He's gentlemanly, quiet and without a hint of arrogance, so it's hard to believe that you're in the presence of a sporting genius. But, having just eclipsed Pete Sampras's record number of grand slams and regained his rightful No. 1 ranking with a gladiatorial victory on the grass of the All England Club, that's exactly what Roger Federer is.
"Records are made to be broken," he says when asked about his achievement.
You can make your dreams come true with money. But my fantasies are all about tennis.
But Federer's gleaming image is no longer limited to his tennis prowess. This once shy and unassuming player now lives the life of a star, equally at ease on the red carpet as he is on the blue courts of Flushing Meadows.
Admired by pre-eminent celebrity photographer Annie Leibovitz, who trained her lens on the tennis great for the pictures that accompany this story, and a member of the select inner circle of Anna Wintour, editor-in-chief of US Vogue, Federer has become a fashion-conscious man-of-the-moment, in addition to being one of the world's most respected athletes.
Wintour takes Federer to runway shows and is a dedicated presence at his matches alongside his wife, Mirka Vavrinec. In return, the 28-year-old Swiss star hones the queen of fashion's game. Wintour also provides the world No. 1 with style tips, both on and off the court, as could be observed at Wimbledon. There, Federer donned an all-white pre-match ensemble that included full-length trousers, a dandy waistcoat and a gold-embossed macintosh with the player's familiar "RF" monogram.
"Fashion helps me understand who I am a little more," Federer says of his elaborate Nike wardrobe. This sartorial journey culminated with him collecting his sixth Wimbledon trophy, his record-breaking grand-slam title, in July, wearing a tracksuit top emblazoned with the number 15. It was symbolic of Federer surpassing Sampras, who was an onlooker in the centre-court crowd, as the most successful men's tennis player ever.
Federer, nonetheless, is quick to point out that he has not become some sort of sporting show-off. He's a regular guy with enough intelligence to reach his goals and manage those around him. "It's reassuring to know that you can make your dreams come true with money. But my fantasies are all about tennis," he admits.
"In contrast to gymnasts, us tennis guys, like footballers, can live normal lives. We burn a lot of calories. I can eat anything I want. And I eat as healthy as possible."
Federer is not known to be a big drinker and he has no obvious vices, except maybe card games. He went through a heavy-metal period, with a penchant for Aussie rockers AC/DC, as well as a video-game addiction, one he shares with his friend and fellow sports royal Tiger Woods. (Federer has the nagging tendency to select himself as his character in tennis games.)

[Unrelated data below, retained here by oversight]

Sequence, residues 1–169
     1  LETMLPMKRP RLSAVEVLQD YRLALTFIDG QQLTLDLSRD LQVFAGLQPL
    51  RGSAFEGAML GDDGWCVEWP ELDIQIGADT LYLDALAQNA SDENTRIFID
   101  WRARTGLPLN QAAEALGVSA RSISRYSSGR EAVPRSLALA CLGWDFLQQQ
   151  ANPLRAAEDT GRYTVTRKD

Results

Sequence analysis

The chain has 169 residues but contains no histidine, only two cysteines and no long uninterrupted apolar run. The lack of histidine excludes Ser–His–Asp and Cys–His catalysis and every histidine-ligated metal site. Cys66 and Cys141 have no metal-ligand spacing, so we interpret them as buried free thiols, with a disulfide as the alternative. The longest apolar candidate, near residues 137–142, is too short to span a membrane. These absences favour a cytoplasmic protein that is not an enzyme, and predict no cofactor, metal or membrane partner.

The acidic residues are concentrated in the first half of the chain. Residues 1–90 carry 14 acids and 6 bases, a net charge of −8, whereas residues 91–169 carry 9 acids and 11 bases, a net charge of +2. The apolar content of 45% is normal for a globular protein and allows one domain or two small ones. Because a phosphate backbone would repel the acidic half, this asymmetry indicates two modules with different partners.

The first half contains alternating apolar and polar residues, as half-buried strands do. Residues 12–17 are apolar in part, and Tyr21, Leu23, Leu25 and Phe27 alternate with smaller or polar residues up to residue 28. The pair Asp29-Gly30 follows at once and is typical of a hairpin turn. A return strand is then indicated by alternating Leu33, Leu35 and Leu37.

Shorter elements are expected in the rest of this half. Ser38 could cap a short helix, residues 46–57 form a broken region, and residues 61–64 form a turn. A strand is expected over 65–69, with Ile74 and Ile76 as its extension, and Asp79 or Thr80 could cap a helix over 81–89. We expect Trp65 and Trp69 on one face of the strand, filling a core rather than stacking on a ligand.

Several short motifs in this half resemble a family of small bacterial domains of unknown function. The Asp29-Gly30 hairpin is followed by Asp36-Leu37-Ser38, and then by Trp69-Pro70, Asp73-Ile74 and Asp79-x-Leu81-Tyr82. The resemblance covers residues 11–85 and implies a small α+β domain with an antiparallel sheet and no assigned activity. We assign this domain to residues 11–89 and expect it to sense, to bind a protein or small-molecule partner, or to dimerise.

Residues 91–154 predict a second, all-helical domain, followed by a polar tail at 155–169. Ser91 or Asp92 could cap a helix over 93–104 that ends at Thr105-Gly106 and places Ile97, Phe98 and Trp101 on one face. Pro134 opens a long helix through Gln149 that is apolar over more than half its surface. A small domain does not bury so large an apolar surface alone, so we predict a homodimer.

He has a villa in South Africa. He owns a selection of apartments in Switzerland - one in Basel, another in Oberwil, and a third in Bach, where Federer's neighbours include the president of the Swiss investment bank UBS and former Formula 1 world champion Kimi Raikkonen. In Bach, he can train at the local tennis club with Martina Hingis's mother.
Federer's most recent real-estate acquisition is a 550-square-metre marina apartment in Dubai. Ostensibly, it is a place for him to "store his things". Among those belongings are at least six cars, including an Aston Martin DB9; Federer has been known to take the wheel in Switzerland and drive "to meditate". But for 10 months out of 12, the backdrop of his life is a succession of airport lounges and luxury hotels.
But it was Vavrinec, from whom he is inseparable, who made Federer the civilised man he is today. She was the one with the love of fashion, the glamorous life. It was for her that he stopped thinking only about tennis - at least to a certain extent. Before Vavrinec, Federer admits that all he did was "play tennis or watch himself play tennis".
The couple met at the 2000 Sydney Olympics, where they were both competing in tennis for Switzerland. Now, not only has Vavrinec become his wife (they were married in an understated ceremony in Federer's home town of Basel earlier this year), but she is also his travel agent, adviser, press agent and mother of his recently born twin daughters. "The final was so tense I feared my wife would go into labour," Federer told guests at the Wimbledon champions dinner after he defeated Andy Roddick.
But Vavrinec would never not be by her husband's side, regardless of the stress and the whirlwind travel schedule. "I have everything I want. Roger is very generous," she confides. Federer's mother says he "spoils her". But, in general, the player's entourage are known for their complete discretion.
By the same token, Federer rarely strays from talking about tennis and avoids conflict at all costs. It must be this discretion that charmed Anna Wintour and the crowds of Melbourne, Paris, London and New York. It's what you remember after meeting this sporting icon: he's a true gentleman - on and off the tennis court. A nice guy, sensitive to what others think of him and never one to speak badly of his rivals.
"I knew that my chances of winning had got better; it was definitely a bonus," Federer tells me when we speak following his June French Open victory, his first. "But I wasn't hoping that he [Rafael Nadal] was going to lose. That's not my style." After backing up his first-ever grand-slam win on clay with his crowning achievement at the All England Club, he says: "What counts is that people continue to respect Rafa for what he has accomplished. Winning four times in a row at Roland Garros is an incredible feat."
The Federer story begins in South Africa. There, his South African mother, Lynette, met Robert Federer, a Swiss laboratory technician who was working for a pharmaceutical multinational. After returning to Basel, in Switzerland, the couple had a daughter, Diana, and then, 20 months later, a boy, Roger, born on August 8, 1981.
By the time he was three, Federer was hitting balls against the family's garage door. He played squash with his father every Sunday and also dabbled in football, basketball and badminton. From the age of 10 until his early teens, Federer was coached by Australian Peter Carter, who would influence his playing style and teach him how to calm his emotions.